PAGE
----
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Third freight-forwarding executive pleads guilty in US price-fixing investigation

Francis Alvarez, who operated a Houston-based freight-forwarding service to Honduras, pleaded guilty in a South Florida District Court on Oct. 25 to a charge of price fixing, the U.S. Justice Department said.

According to court documents, Alvarez participated in a multi-forwarder scheme from early September 2010 to August 2014 to “increase, fix, stabilize, and maintain prices” charged to household goods shipments to Honduras.

“Alvarez and her co-conspirators cheated American consumers shipping goods to Honduras by conspiring to raise prices and pocket the proceeds of their illegal scheme,” Assistant Attorney General Makan Delrahim of the Justice Department’s Antitrust Division said in a statement.

Under the Sherman Act, a conviction for price fixing carries a maximum 10-year sentence and up to a $1 million fine.

“The maximum fine for an individual may be increased to twice the gain derived from the crime or twice the loss suffered by the victims of the crime, if either of those amounts is greater than the statutory maximum fine,” the Justice Department said.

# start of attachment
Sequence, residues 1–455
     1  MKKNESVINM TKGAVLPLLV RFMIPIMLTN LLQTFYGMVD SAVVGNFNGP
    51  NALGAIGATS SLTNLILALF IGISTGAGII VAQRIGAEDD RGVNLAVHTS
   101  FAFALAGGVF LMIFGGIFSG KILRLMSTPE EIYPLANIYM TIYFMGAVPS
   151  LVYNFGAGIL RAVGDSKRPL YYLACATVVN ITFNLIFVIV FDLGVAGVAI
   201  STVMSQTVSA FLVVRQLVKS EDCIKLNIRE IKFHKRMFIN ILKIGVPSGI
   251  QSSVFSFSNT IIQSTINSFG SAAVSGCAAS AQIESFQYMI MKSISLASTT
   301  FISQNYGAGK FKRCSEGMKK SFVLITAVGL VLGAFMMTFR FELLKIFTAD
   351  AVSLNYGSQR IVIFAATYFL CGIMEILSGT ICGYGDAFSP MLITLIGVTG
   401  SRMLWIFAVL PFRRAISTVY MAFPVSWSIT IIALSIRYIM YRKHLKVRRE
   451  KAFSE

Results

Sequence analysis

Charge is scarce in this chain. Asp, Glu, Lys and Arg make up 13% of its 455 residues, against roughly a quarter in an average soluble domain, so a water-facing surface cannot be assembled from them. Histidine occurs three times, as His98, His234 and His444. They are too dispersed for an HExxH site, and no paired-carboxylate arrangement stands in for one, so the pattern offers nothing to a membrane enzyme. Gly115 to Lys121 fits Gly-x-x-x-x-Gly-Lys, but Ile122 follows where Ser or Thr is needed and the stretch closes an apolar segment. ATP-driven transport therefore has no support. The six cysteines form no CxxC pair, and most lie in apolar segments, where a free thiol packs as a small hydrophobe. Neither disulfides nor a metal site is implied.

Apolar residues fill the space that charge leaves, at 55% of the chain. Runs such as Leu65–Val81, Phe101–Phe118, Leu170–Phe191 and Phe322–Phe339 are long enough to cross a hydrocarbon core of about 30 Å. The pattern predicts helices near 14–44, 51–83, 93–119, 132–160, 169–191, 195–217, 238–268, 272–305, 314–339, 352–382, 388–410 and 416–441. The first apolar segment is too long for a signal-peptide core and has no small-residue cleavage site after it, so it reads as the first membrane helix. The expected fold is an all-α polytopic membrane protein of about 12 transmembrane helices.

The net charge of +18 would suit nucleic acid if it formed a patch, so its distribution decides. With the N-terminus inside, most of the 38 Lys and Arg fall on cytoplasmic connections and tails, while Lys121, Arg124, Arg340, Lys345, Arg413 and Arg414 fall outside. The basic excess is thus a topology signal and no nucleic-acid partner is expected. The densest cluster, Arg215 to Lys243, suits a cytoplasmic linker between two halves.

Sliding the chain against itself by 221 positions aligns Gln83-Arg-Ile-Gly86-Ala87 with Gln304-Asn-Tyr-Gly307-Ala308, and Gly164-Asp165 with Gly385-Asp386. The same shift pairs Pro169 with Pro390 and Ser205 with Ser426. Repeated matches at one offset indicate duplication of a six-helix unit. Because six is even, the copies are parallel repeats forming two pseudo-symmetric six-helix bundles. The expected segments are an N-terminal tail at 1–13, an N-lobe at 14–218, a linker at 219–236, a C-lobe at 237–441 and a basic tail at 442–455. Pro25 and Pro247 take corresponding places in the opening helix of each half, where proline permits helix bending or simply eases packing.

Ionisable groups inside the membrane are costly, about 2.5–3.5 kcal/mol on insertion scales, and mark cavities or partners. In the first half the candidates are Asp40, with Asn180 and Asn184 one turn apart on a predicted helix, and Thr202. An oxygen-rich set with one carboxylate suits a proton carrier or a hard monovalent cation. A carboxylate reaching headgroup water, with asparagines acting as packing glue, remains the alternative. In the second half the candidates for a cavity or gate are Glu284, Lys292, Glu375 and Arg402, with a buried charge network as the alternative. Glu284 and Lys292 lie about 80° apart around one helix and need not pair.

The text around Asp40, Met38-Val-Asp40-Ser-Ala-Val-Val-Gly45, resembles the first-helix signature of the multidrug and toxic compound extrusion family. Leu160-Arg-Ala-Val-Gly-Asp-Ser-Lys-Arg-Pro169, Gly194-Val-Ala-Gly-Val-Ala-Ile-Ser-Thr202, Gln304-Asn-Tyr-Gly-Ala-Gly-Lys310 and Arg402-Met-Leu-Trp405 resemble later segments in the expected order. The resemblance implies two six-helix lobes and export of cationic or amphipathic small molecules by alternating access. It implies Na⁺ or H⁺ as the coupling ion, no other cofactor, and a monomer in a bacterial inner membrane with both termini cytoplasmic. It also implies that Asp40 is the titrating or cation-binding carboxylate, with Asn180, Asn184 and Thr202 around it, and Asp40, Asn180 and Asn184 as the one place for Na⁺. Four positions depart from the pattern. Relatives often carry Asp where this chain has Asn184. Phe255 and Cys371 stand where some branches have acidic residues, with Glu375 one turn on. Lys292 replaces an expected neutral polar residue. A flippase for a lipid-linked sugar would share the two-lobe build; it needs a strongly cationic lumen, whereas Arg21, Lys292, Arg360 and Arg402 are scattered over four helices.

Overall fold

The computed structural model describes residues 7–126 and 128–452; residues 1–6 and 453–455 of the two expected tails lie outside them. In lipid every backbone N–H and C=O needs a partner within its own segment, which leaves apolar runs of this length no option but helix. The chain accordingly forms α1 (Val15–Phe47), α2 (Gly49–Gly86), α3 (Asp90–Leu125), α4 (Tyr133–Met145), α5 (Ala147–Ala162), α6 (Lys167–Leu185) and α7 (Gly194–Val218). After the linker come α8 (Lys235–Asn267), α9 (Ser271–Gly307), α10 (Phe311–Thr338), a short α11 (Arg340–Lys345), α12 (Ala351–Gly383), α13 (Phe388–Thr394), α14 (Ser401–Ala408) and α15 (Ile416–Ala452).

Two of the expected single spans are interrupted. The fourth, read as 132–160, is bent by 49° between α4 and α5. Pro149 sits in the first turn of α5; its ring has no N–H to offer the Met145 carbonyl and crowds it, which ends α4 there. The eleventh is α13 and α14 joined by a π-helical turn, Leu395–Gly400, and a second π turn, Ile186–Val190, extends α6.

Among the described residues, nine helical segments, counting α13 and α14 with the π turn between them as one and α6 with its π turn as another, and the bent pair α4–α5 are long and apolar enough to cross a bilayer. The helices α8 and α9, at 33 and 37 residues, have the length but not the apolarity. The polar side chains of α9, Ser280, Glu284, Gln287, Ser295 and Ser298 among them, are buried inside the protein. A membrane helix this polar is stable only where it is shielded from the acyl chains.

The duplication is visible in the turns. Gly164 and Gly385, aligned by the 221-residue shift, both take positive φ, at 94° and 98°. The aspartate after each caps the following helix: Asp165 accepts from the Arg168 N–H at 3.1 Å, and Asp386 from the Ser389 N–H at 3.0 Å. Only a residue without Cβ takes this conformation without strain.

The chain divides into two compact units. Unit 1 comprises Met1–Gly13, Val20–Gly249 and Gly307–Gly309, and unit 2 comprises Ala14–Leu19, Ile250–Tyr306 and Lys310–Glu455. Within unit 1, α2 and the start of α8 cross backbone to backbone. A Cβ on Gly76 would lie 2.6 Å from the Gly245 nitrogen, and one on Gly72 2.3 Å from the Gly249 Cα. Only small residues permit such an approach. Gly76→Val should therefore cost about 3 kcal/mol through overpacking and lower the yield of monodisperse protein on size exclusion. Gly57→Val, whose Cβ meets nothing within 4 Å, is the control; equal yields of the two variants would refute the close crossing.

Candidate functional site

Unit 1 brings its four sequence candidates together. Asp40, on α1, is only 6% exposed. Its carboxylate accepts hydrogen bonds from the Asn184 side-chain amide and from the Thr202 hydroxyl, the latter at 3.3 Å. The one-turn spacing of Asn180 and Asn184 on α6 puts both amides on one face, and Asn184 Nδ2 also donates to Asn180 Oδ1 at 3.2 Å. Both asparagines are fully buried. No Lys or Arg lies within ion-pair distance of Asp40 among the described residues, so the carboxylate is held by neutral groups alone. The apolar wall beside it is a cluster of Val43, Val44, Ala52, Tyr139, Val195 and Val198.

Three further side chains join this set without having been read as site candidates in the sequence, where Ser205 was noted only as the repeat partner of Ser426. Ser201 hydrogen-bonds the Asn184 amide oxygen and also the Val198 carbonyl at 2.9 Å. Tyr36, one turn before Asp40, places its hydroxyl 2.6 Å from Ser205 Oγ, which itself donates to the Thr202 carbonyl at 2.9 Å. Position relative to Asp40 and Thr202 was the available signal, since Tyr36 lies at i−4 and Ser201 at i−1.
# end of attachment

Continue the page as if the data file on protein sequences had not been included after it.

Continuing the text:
Alvarez is the third person so far to be charged by the Justice Department in the price-fixing scheme.

In November 2018, New Orleans-based Dip Shipping executives Roberto Dip and Jason Handal pleaded guilty in the South Florida District Court for their role and were sentenced in June 2019 to 18 months and 15 months in prison, respectively.

In mid-September 2019, Dip Shipping also pleaded guilty to the antitrust violation charge and paid a $488,250 criminal fine.

The Justice Department and the FBI’s New Orleans Field Office said the investigation continues.

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